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Vaginal Polypoid Endometriosis Simulating Neoplasia in a Young Woman

Dadhwal, Vatsla MD1; Deka, Dipika MD1; Mathur, Sandeep MD2; Kaushal, Seema MD2; Sharma, Aparna K. MD1; Mittal, Suneeta MD1

Journal of Lower Genital Tract Disease: July 2012 - Volume 16 - Issue 3 - p 318–321
doi: 10.1097/LGT.0b013e318241052b
Case Reports

Objective The study aimed to describe a case of vaginal polypoid endometriosis and its management.

Materials and Methods This study is a case report. The patient was a nulliparous woman aged 27 years who presented with pain in her lower abdomen and continuous bleeding per vaginum for 2 months. On speculum examination, multiple, smooth, polypoid masses were seen arising all around the vaginal fornices; cervix was healthy. Ultrasound revealed a bulky uterus with a 5 × 6-cm fibroid in the posterior wall with echogenic area adjacent to cervix and gross left hydroureteronephrosis. The right kidney was removed 6 years consequent to pyonephrosis. Biopsy of the vaginal polypoidal mass was reported as vaginal polypoid endometriosis. The patient was planned for myomectomy and vaginal mass excision. On examination under anesthesia, the base of polypoid mass was thick and fixed and could not be excised completely. Myomectomy was done. Postoperatively, the patient received 3 injections of gonadotropin-releasing hormone agonist, but the size of the mass did not decrease. She was then planned for ureteric reimplantation and panhysterectomy. Hysterectomy was not possible because of extensive parametrial involvement, but Boari flap ureteric implantation with bilateral salpingo-oophorectomy was done.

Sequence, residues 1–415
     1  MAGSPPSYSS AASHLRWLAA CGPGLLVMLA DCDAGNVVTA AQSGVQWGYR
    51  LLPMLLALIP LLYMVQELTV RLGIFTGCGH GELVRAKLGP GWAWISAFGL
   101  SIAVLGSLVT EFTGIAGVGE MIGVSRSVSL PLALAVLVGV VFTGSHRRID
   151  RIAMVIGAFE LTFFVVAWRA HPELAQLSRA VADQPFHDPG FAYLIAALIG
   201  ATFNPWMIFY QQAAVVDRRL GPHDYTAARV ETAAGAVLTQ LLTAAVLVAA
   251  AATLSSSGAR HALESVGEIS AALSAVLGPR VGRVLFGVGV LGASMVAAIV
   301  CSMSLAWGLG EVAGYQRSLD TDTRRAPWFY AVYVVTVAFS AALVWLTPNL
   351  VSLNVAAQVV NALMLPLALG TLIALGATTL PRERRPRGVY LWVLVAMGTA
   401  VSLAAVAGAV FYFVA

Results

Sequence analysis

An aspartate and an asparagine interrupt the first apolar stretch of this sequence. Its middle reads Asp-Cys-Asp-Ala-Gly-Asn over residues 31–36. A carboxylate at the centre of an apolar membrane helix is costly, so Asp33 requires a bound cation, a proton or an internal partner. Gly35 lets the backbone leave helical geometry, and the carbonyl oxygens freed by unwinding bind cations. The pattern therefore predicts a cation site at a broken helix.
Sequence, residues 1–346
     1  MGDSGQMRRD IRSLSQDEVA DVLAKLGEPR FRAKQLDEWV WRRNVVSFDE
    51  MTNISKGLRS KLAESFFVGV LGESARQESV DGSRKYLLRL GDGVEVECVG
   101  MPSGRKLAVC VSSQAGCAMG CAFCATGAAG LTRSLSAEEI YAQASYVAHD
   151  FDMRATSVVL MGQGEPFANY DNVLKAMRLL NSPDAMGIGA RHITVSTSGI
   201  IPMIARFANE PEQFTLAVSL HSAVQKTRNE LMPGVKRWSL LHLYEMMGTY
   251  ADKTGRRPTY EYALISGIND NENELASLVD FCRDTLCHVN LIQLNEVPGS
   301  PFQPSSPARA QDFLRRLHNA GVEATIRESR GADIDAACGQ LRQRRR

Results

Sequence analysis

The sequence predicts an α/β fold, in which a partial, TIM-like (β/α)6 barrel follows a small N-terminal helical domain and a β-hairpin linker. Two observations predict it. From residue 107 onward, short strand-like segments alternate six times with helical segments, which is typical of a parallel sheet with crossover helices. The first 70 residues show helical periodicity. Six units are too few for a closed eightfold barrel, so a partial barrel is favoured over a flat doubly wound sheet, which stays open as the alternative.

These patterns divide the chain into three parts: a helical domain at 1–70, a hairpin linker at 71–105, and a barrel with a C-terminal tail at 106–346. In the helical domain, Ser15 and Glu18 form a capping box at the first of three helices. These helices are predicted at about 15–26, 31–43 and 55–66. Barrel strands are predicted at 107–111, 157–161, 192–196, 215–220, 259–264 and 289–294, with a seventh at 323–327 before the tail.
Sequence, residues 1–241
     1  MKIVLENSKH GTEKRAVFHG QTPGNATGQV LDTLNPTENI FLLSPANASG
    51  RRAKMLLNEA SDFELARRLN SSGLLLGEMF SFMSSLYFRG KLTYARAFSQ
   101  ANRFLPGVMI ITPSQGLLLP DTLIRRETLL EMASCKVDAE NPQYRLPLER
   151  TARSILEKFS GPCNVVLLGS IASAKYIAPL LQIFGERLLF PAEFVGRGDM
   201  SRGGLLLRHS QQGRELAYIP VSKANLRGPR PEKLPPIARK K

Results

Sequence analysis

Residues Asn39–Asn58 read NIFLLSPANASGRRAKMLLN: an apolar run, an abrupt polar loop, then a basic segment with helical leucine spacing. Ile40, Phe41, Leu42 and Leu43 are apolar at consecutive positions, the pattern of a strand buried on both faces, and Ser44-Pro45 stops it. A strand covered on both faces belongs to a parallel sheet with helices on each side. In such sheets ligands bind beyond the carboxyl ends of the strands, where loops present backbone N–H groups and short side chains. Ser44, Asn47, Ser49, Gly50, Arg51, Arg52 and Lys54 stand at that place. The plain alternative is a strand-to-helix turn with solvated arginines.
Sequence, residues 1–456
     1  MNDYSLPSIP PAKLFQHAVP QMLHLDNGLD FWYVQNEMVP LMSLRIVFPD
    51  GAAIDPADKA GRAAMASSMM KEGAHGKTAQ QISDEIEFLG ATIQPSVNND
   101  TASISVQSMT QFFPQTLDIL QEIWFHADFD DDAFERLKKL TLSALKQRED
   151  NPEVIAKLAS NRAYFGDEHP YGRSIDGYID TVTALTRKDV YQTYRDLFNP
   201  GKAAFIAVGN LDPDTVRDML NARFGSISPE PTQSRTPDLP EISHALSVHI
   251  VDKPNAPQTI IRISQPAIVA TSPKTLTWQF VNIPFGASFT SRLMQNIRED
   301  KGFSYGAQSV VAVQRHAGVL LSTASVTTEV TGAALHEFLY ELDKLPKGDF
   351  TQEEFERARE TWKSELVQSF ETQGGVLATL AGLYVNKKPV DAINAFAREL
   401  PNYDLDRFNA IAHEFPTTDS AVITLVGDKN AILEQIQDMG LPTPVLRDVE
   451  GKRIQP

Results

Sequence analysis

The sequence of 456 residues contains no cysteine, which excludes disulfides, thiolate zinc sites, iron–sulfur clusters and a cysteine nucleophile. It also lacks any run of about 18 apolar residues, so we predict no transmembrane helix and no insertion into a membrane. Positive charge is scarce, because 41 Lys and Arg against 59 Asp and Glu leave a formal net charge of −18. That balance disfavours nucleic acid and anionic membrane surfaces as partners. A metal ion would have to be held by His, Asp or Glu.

Results Vaginal polypoid endometriosis did not respond to medical treatment. However, the widespread vaginal polypoidal masses regressed significantly after oophorectomy.

Conclusion Bilateral oophorectomy was resorted to as an option in this case of vaginal polypoid and extensive pelvic endometriosis not amenable to medical treatment and surgical excision.

Vaginal polypoid endometriosis, a rare kind of endometriosis, can simulate a tumor.

Departments of 1Obstetrics and Gynaecology, and 2Pathology, All India Institute of Medical Sciences, New Delhi, India

Reprint requests to: Vatsla Dadhwal, MD, Department of Obstetrics and Gynaecology, All India Institute of Medical Sciences, Ansari Nagar, New Delhi, India 110029. E-mail:

The authors have no conflicts of interest or disclosures.

©2012The American Society for Colposcopy and Cervical Pathology